For auctions, it is necessary to have cash on hand or pre-approved financing in place. And since everything is sold "as-is," having a certified mechanic along with you will help to ensure your purchase has no significant issues.
Repo companies are the middlemen between the lender who has repossessed a vehicle and the buying public. A buyer can find these companies online, do a quick search of their inventory, and place a bid, all in one sitting. So, this route can be very convenient.
Also, unlike banks and credit unions, repo resellers may take the time to clean up the vehicle and ensure that it is in proper working condition. And they may allow you to drive the car before purchasing.
From a pricing standpoint, a reseller will typically want more for a vehicle than buying directly from a bank or at an auction because they will be adding their fees to the bottom line. But in most cases, resellers are interested in quick sales and high volume, so the price will still likely be on the low side.
Used Car Lot
If haggling sounds better than bidding, buying from a used car dealer is the most straightforward way to purchase a repo vehicle. The price tag may be somewhat higher because dealerships have more costs to cover, but there's almost always room for negotiation.
Unlike with an auction, the dealership will most likely have cleaned the car and made certain mechanical repairs. The dealer may also include a short warranty, handle the titling and registration paperwork, and offer to finance the car. It is a one-stop-shop that is more familiar to consumers than any other.
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When your car is repossessed, you may not know why it happened — or how you’re going to get to work the next day. But you can recover by taking action to take care of your transportation needs and to protect your credit from further damage.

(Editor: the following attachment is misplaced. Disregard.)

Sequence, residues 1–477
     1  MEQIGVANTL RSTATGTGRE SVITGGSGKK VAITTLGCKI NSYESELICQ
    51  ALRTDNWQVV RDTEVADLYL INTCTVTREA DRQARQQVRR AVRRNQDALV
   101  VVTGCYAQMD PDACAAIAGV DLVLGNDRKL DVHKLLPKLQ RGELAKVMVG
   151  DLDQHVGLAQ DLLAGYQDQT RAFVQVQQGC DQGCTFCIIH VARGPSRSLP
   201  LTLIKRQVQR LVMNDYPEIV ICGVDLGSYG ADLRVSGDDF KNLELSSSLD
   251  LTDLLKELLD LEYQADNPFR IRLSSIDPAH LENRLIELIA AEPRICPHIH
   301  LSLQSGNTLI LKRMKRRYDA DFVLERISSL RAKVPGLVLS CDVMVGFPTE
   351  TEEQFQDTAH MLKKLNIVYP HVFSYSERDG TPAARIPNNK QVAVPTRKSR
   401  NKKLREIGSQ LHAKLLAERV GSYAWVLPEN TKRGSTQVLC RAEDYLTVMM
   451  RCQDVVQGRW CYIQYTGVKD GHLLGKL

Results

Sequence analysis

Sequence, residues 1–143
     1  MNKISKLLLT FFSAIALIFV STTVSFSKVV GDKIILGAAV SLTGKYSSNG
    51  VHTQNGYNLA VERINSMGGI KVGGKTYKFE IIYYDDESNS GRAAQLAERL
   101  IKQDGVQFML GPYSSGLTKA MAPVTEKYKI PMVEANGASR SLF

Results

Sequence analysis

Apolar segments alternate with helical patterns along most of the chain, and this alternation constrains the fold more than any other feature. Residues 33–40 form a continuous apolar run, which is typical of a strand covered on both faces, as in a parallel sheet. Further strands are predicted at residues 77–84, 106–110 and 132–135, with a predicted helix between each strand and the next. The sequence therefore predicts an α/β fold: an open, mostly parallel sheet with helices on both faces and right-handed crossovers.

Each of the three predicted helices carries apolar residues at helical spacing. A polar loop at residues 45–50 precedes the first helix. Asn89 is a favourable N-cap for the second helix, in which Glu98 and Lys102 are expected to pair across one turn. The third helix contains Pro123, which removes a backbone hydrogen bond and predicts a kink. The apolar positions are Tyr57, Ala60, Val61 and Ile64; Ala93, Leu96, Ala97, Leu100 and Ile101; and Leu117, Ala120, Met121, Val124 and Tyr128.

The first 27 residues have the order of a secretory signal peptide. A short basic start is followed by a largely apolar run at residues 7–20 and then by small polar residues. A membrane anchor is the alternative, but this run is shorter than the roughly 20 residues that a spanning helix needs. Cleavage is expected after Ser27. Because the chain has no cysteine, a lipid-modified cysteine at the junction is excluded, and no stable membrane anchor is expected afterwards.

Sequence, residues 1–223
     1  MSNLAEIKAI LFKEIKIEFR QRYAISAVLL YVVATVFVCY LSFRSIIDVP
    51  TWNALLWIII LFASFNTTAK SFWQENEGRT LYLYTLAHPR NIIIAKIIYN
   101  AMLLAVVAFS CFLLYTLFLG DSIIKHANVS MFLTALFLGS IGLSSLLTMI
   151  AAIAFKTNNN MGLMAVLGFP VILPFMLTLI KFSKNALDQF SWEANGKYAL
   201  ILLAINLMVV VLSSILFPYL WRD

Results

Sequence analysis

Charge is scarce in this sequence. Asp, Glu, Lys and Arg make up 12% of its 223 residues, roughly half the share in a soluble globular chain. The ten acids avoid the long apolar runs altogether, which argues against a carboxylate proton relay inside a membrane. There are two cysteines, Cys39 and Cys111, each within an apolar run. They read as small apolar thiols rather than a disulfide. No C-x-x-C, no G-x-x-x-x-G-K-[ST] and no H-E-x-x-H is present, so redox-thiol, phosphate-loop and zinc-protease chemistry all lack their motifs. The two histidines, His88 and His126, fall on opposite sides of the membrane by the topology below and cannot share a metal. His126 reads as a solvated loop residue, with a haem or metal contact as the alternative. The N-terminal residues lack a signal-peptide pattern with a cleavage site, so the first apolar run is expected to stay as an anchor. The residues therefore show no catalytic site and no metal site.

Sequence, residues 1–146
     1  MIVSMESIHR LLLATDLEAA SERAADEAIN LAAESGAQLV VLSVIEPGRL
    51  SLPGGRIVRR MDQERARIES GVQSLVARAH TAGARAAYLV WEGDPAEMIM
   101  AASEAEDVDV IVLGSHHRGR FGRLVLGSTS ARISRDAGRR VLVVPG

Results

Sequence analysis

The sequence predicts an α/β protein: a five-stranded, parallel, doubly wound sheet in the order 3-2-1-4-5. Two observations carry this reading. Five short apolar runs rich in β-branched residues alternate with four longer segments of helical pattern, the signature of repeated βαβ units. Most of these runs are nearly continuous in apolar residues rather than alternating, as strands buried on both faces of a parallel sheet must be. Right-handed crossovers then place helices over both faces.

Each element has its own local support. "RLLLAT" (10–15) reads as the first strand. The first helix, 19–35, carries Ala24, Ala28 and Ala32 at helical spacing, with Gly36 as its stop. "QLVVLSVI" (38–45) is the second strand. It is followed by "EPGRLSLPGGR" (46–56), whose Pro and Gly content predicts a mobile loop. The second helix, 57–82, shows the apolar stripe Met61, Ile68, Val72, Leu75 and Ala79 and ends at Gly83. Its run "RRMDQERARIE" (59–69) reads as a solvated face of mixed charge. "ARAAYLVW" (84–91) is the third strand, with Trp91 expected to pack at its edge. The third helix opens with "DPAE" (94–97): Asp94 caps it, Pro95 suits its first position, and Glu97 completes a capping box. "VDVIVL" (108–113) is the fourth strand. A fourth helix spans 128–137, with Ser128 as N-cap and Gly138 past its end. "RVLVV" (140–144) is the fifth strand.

Here are five steps you can take to recover from a repossession:
1. Ask why your car was repossessed
If you’ve fallen behind on car payments , you may know exactly why your car was repossessed. Other times, it’s not so obvious. In some states, not getting insurance stipulated in a loan or lease contract can count as a default, and your car can be repoed because of it. Call your lender before jumping to conclusions so you can clarify how you can set things straight.
Readers also ask
In a voluntary repossession, you inform your lender you can no longer make payments and intend to return the vehicle. The creditor will resell the vehicle, and you’ll receive a statement with details of the sale. Just as with involuntary repossession, you have to pay the difference between what the car sold for and what you owed on the loan. That’s called the deficiency balance. More
Voluntary repossession, a type of loan default, will stay on your credit report for seven years . That type of negative mark will harm your scores — especially your automotive-specific credit scores, which will determine the interest rate you pay on your next car loan. More
Once seized, your car will probably be sold at auction. If your car sells for less than you owe, you may be sued for the difference, known as a deficiency, plus any applicable fees. More
2. Find out if you can get it back
Often, a bank or repossession company will let you get your car back if you pay back the loan in full, along with all the repossession costs, before it’s sold at auction. You can sometimes reinstate the loan and work out a new payment plan, too. The repossession may not be removed from your credit report in these situations, but your new payments will generally be reflected if you make a deal with your lender (but not if you buy the car back at auction).
Before getting your car back, think through these questions:
If you got your car back, would you be able to afford insurance, maintenance and gas? Neglecting important repairs or getting into an accident while uninsured may land you in an even more difficult financial situation. And without gas, you still wouldn’t be able to get from A to B. If you can’t afford these expenses, redeeming your car may not be your most cost-effective alternative.
Do you have access to affordable public transportation or a carpool? Getting to work by bus or other means may be a better option than reinstating your loan or paying your balance and repossession expenses in full.
Do you plan to declare bankruptcy? If you’re extremely behind on all your bills and have no way of turning things around, you may already be considering bankruptcy . File before the bank or repo agency sells your car, and there’s a good chance you can keep your car and work out a plan to catch up on payments. Talk to your bankruptcy lawyer about whether this would be possible, based on the type of bankruptcy you’re filing.